Changes in the atmosphere due to human activity have increased carbon dioxide concentrations and thus affect climate. (HS-ESS2-6),(HS-ESS2-4)
For HS.ESS3-5 we see:
ESS3.D: Global Climate Change
Though the magnitudes of human impacts are greater than they have ever been, so too are human abilities to model, predict, and manage current and future impacts. (HS-ESS3-5)
Then all one has to do is peruse the “human sustainability” section in the NGSS’s Earth and Space Sciences Standards for High School. Then look at the “human impacts” section for the Middle School Earth and Space Sciences Standards to see an emphasis on human activity for climate change, as well as, a progressive bent to environmentalism.
Berry notes that when students read the “evidence,” they will likely come to that conclusion themselves.
“They will look at facts relevant to those questions and draw conclusions that answer their questions,” Ted Neal, a University of Iowa clinical science instructor, told IowaWatch.
And what if students look at their scientific data and then conclude that humans have not been the primary causes of climate change in the past century?
“That is not possible,” Neal answered. “Because the data is so overwhelming. Out of 920 peer-reviewed journal articles on this issue, zero found that climate change was not anthropogenic.”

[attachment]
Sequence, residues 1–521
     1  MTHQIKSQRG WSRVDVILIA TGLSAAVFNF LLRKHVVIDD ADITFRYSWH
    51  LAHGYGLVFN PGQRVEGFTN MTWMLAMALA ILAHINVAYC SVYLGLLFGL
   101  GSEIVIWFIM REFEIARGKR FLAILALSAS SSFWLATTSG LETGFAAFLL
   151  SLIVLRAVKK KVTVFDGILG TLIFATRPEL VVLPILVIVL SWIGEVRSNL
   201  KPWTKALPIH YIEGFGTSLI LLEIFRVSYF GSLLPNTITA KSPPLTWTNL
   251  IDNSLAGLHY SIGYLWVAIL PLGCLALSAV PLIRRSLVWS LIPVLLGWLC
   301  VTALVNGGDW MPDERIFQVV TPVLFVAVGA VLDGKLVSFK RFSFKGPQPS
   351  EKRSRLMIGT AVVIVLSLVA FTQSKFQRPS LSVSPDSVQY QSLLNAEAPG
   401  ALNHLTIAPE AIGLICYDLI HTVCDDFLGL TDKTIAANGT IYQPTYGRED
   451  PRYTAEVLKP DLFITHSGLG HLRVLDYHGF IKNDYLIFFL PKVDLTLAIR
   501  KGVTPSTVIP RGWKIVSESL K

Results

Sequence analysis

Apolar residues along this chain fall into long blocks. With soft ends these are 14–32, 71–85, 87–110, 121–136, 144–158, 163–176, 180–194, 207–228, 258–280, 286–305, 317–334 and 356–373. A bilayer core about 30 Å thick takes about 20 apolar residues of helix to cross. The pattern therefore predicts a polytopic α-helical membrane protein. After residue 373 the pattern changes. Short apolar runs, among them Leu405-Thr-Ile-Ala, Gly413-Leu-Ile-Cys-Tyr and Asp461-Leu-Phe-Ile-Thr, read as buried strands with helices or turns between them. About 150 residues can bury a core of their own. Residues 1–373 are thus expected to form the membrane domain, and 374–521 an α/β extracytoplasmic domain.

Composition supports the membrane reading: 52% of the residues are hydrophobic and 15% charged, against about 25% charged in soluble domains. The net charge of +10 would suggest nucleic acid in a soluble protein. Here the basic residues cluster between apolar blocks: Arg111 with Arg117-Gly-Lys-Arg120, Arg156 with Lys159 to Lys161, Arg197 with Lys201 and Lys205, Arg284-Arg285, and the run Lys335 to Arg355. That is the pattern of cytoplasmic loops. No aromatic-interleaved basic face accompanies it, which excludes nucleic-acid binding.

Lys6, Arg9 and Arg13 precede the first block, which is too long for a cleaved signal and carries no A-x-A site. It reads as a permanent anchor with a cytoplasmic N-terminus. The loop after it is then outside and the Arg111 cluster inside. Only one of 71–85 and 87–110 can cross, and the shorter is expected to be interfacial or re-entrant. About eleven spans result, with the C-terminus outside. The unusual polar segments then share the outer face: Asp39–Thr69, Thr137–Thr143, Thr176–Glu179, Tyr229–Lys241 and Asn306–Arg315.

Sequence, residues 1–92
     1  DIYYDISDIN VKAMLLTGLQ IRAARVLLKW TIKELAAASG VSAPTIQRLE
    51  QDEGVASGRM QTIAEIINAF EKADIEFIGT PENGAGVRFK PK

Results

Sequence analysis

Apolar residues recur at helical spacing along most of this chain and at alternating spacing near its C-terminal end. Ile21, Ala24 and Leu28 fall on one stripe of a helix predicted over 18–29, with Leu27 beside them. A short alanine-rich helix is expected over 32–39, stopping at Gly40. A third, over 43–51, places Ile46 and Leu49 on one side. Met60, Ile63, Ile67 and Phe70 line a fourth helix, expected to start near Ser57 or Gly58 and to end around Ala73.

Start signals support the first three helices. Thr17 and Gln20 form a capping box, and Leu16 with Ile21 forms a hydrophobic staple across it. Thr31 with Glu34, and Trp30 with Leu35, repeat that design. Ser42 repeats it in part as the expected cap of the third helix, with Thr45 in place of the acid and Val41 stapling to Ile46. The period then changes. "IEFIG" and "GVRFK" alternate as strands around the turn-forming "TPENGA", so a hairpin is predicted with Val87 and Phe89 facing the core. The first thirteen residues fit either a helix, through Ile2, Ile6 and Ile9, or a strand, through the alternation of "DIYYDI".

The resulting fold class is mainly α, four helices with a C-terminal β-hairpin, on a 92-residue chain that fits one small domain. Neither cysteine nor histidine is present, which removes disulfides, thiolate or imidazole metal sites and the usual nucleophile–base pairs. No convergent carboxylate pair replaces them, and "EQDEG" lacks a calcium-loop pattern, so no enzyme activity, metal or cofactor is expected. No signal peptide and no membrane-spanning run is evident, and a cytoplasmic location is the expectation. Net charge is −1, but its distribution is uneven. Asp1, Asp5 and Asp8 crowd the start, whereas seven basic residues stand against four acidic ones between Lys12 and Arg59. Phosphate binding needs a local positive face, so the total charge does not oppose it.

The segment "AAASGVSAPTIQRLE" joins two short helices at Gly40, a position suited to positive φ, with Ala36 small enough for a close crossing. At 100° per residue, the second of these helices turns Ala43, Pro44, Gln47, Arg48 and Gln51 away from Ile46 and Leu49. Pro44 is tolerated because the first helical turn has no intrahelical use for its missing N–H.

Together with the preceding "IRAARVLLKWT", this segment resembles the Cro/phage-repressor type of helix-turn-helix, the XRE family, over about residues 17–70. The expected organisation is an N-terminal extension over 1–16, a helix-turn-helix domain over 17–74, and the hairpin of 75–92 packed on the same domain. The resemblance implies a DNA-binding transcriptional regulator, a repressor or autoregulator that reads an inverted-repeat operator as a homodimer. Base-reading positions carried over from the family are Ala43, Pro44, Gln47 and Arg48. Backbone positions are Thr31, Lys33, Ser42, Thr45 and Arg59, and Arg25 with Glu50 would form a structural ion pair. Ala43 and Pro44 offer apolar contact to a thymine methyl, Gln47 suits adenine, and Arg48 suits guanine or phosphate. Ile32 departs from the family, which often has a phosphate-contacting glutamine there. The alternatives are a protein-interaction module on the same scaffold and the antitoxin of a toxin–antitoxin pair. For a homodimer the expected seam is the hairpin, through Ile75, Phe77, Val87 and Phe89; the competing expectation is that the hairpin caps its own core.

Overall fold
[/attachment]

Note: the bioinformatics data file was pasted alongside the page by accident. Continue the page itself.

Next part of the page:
Oh yes, “peer reviewed,” there’s the gold standard. 21st-century science has a peer review problem that is not acknowledged by climate change advocates.
A recent Vox article (not a conservative publication by any stretch of the imagination) pointed out that peer review is “broken” and that “peer review bullying” can occur.
That’s not to mention the problem of peer review bullying. Since the default in the process is that editors and peer reviewers know who the authors are (but authors don’t know who the reviews are), biases against researchers or institutions can creep in, opening the opportunity for rude, rushed, and otherwise unhelpful comments.
Alex Csiszar writing for Nature shows that peer review was troubled from the start.
Current attempts to reimagine peer review rightly debate the psychology of bias, the problem of objectivity, and the ability to gauge reliability and importance, but they rarely consider the multilayered history of this institution. Peer review did not develop simply out of scientists’ need to trust one another’s research. It was also a response to political demands for public accountability. To understand that other practices of scientific judgement were once in place ought to be a part of any responsible attempt to chart a future path.
Another recent article at the New Republic says that science is suffering as a result of problems with peer review.
The flaws in this process are evident in the climate change debate. Those who don’t toe the climate change advocate line are often ostracized and even put their careers on the line. Climate science, unfortunately, has become hopelessly biased and politicized.
Unfortunately, as a result, students will only be exposed to one side of the debate.